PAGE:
It’s normal to experience feelings of anxiety from time to time, but what about if it affects your day-to-day life? Because anxiety is a normal human experience, it can be difficult to recognise when it has become a problem.
“It’s common to feel tense, nervous and perhaps fearful at the thought of a stressful event or decision you’re facing – especially if it could have a big impact on your life,” says Stephen Buckley, head of information at mental charity charity Mind. “But if your feelings of anxiety are very strong, or last for a long time, it can be overwhelming.”
Anxiety can cause physical symptoms, such as nausea, shaking or sweating, problems sleeping and panic attacks, while psychological signs include feeling tense, nervous and on edge, a persistent sense of dread and thinking the worst might happen, or irrational thoughts.
“If you experience anxiety, it can help to take time for yourself to practise some self-care techniques,” says Stephen.
So, here are some simple things you can do for yourself to help make life a little easier if you’re an anxious person…
1. Have a bath
Remember what it feels like to stew in a big, warm bowl of your own filth? No? Then you, my friend, deserve a bath. Get the bubbles out, open a ice-cold can of beer (if you’re into that), then relax.
2. Listen to a podcast
If you find it difficult to concentrate on reading a book when you’re anxious, you might want to try listening to a podcast, to take your mind off your worries for a while.
Meditation can be a scary word, but to meditate simply means to focus your mind for a period of time. There are plenty of YouTube tutorials you can sit through for inspiration.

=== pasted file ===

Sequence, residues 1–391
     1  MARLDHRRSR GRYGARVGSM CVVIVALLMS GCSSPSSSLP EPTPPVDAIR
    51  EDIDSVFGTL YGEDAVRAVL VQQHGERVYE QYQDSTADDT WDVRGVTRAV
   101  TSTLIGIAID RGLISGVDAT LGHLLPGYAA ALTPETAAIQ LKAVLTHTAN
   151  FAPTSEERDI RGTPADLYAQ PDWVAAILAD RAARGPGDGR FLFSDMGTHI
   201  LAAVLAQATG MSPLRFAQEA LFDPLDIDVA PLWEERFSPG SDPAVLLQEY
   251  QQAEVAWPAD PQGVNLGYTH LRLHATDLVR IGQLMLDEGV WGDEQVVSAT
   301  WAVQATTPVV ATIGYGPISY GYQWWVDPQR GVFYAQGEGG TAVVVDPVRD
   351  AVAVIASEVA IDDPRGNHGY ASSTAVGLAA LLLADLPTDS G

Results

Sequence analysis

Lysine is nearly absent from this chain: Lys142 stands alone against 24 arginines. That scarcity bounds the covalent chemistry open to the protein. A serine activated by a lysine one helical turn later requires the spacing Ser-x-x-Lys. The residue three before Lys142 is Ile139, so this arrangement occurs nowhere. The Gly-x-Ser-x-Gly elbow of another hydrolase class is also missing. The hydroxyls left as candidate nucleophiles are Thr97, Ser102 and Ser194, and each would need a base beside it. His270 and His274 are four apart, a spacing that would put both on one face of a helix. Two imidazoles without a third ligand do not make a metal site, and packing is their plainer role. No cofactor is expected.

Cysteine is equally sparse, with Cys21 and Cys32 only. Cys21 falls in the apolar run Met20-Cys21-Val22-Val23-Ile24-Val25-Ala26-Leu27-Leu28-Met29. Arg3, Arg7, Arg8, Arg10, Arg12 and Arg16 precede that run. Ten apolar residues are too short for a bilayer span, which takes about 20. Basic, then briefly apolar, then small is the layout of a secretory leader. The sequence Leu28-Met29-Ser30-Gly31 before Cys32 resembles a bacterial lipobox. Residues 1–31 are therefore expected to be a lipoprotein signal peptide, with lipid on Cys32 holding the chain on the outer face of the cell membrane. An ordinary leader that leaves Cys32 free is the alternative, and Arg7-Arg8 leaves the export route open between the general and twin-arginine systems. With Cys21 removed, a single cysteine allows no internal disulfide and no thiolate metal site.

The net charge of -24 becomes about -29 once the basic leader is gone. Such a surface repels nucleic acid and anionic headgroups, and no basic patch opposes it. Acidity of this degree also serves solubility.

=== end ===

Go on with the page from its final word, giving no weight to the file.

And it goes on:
“There are various therapeutic techniques and therapies you can safely practise on your own like relaxation, meditation or mindfulness. It’s really easy to rush through life on auto-pilot, not really taking in our surroundings, and these techniques can help us be more aware of the present moment,” says Stephen. “This can mean both outside, in the world around you, and inside, in your feelings and thoughts. Practising mindfulness can help you become more aware of your own moods and reactions.”
4. Get some exercise
Get some fresh air, have a run or dance wildly around your room. “Exercise is good for your mind as well as your body. Doing regular exercise can be very effective in lifting your mood and helping you sleep better, giving you more energy and it’s also proven to be as effective as antidepressants in treating mild to moderate depression,” says Stephen.
“It doesn’t have to be very strenuous or sporty to be effective – to start with, you could try gentle exercise like going for a short walk, yoga or swimming. The important thing is to pick something you enjoy doing, so you’re more likely to stick with it.”
5. Do your hair fancy
Everyone feels good after they’ve done their hair, don’t they? Even if you have nowhere to go, pay for a blow-dry or do it yourself at home, to make yourself feel like a million dollars.
6. Binge watch a series
Sometimes you just need some alone time with your bed and Netflix. There’s no shame in that.
7. Eat your favourite food
Stop worrying for a moment about how many calories were in your dinner and buy that cheesecake you’ve been craving – you deserve it.
8. Call someone you love
Even just listening to the sound of a loved-one’s voice can be calming when you’re feeling most anxious. Call someone who you know will be understanding and patient.
9. Cuddle a pet
If you don’t have one, borrow the neighbour’s.
10. Make a list, then half it
Write down all the things you are worried about, and then go through the list and systematically cross out all the points that aren’t worth worrying about at all. It will be a weight off your shoulders.
11. Do something creative
Write, draw, read or scribble on some colouring-in books. Concentrate on something creative and enjoy the results. Shifting your focus can help if you’re feeling anxious.
“Another way to distract yourself from the anxiety you are feeling is by looking at something like a flower, a picture or something that you find interesting or comforting,” Stephen suggests. “Really notice the details, the colours and any smells or sounds.”
For support and tips about speaking to a medical professional about your anxiety visit Mind.